Venezuela asks US to extradite Cuban exile bomb suspect


THE US: The Venezuelan government is seeking the extradition from the US of Cuban exile Luis Posada Carriles, who is wanted in Venezuela on charges of bombing a Cuban airliner in 1976 and is now believed to be in Florida.

The request poses an embarrassing dilemma for Washington, which has rarely clamped down on anti-Castro militants, but insists that no country should harbour terrorists.

Mr Posada (77) is a prime suspect in the bombing of the Cuban passenger aircraft that killed 73 people, including a Cuban youth fencing team.

He has claimed responsibility for plotting attacks on Havana hotels in 1997 that killed an Italian tourist, and he was imprisoned in Panama five years ago on charges of trying to assassinate Cuban leader Fidel Castro.

His US lawyer Eduardo Soto told a press conference last month that Mr Posada slipped back into the United States six weeks ago and is seeking asylum.

On Friday, Venezuelan foreign minister Ali Rodriguez said his government would ask the US to extradite him.

The Bush administration has denied any knowledge of Mr Posada's whereabouts and the State Department's senior Latin America official, Roger Noriega, said that the government had no interest in granting asylum to someone who had carried out criminal acts. If asylum is not granted the US can imprison Mr Posada, who worked for the CIA from 1961 to 1967, for entering the country illegally or deport him to Venezuela.

Putting Mr Posada in jail would, however, be a seen as a triumph for Fidel Castro, who has termed the exiled Cuban the worst terrorist in the Western hemisphere, while extraditing him to Venezuela would give a diplomatic victory to Venezuela's president Hugo Chávez, who is regarded as hostile by the Bush administration.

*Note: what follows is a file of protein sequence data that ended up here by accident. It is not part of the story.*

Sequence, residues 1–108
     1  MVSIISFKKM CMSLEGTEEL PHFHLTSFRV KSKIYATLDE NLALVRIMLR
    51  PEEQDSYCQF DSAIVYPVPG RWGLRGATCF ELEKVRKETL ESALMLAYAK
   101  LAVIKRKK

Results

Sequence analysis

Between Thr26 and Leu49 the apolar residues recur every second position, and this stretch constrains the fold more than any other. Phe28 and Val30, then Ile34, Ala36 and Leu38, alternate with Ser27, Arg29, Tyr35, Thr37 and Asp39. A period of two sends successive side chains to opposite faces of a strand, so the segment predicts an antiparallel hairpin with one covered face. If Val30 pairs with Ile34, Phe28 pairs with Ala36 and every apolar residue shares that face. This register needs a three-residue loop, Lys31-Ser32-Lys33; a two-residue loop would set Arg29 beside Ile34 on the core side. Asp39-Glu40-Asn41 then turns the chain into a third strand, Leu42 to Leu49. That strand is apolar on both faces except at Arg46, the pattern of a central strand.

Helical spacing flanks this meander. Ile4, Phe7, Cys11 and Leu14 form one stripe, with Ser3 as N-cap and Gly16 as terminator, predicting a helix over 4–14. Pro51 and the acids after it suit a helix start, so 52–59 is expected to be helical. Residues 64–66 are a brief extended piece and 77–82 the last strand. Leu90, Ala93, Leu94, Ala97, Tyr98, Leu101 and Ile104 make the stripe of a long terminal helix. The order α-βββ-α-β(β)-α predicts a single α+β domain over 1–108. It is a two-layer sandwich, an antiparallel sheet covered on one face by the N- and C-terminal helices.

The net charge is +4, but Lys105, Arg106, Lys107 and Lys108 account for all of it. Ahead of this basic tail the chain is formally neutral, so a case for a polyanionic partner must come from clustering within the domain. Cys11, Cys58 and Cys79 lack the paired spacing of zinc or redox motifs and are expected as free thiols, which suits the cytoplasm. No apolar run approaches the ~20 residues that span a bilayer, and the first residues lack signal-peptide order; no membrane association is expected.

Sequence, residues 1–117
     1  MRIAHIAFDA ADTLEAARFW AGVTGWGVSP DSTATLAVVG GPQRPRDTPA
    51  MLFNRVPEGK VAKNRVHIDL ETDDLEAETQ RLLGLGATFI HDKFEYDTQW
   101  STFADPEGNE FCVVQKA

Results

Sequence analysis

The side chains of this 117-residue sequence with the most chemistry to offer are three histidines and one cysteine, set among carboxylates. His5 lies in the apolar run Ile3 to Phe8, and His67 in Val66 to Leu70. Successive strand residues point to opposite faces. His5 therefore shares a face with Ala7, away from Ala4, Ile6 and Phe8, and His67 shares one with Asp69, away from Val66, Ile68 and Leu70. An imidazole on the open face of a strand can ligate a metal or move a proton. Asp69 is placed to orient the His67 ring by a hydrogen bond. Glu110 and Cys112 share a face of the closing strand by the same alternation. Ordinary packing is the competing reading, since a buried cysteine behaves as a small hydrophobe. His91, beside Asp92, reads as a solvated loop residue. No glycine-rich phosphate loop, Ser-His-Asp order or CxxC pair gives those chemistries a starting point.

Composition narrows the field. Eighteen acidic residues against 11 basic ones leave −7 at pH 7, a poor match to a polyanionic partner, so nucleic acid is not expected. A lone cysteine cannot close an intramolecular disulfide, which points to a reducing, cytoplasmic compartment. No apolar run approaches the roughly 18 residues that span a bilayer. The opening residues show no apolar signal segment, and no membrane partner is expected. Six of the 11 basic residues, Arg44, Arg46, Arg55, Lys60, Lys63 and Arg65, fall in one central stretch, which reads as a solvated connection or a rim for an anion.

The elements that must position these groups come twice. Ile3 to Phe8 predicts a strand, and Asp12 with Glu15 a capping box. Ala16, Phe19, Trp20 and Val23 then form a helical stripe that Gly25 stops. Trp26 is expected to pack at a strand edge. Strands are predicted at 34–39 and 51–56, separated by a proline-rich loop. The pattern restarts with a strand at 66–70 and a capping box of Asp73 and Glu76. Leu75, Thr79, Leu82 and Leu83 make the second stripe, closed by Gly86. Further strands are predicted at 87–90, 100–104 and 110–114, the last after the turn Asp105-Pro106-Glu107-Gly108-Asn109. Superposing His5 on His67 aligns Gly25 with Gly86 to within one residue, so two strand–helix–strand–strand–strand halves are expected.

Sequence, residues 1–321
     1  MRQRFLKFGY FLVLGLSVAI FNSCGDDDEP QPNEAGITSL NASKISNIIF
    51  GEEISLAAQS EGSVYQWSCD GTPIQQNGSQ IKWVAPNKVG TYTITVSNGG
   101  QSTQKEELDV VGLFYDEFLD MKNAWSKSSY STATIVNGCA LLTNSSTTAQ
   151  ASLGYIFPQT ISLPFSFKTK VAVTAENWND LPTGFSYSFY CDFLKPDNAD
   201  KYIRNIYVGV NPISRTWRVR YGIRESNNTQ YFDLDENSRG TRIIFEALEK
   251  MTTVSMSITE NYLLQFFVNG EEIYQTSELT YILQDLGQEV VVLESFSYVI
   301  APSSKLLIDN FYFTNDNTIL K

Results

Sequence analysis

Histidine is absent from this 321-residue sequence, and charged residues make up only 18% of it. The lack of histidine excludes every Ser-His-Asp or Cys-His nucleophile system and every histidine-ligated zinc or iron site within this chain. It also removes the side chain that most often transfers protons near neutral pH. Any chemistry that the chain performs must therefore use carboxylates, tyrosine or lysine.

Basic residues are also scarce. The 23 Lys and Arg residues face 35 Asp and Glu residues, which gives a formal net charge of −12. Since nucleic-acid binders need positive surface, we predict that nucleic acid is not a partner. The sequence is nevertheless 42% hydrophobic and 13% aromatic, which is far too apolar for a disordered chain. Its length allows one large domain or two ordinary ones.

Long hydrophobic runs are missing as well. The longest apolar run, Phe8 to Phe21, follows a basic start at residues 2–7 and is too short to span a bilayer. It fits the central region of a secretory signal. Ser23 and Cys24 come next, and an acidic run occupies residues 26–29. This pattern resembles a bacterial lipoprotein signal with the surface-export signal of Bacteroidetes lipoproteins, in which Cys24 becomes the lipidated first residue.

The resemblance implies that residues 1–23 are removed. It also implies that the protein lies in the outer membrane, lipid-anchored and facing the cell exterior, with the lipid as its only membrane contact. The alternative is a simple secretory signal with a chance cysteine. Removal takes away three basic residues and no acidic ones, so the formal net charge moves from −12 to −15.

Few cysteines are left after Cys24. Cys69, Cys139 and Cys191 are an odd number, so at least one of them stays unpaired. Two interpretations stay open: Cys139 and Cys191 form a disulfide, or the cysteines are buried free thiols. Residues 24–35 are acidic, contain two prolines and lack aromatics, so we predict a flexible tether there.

It could also provoke an angry reaction from conservative Cuban Americans who support Florida governor Jeb Bush and president George Bush.

Another Cuban exile, Orlando Bosch, who allegedly helped Mr Posada mastermind the airline bombing, was ordered deported from Florida in 1989 after the Justice Department described him as "a terrorist, unfettered by laws or human decency", but President Bush snr overruled the deportation in 1990 and Bosch has lived freely in Florida ever since.

He said in a radio interview in Miami on Friday that he had spoken by telephone with Mr Posada, who, "as everybody knows is here".

Mr Posada and Mr Bosch have denied involvement in the airline bombing.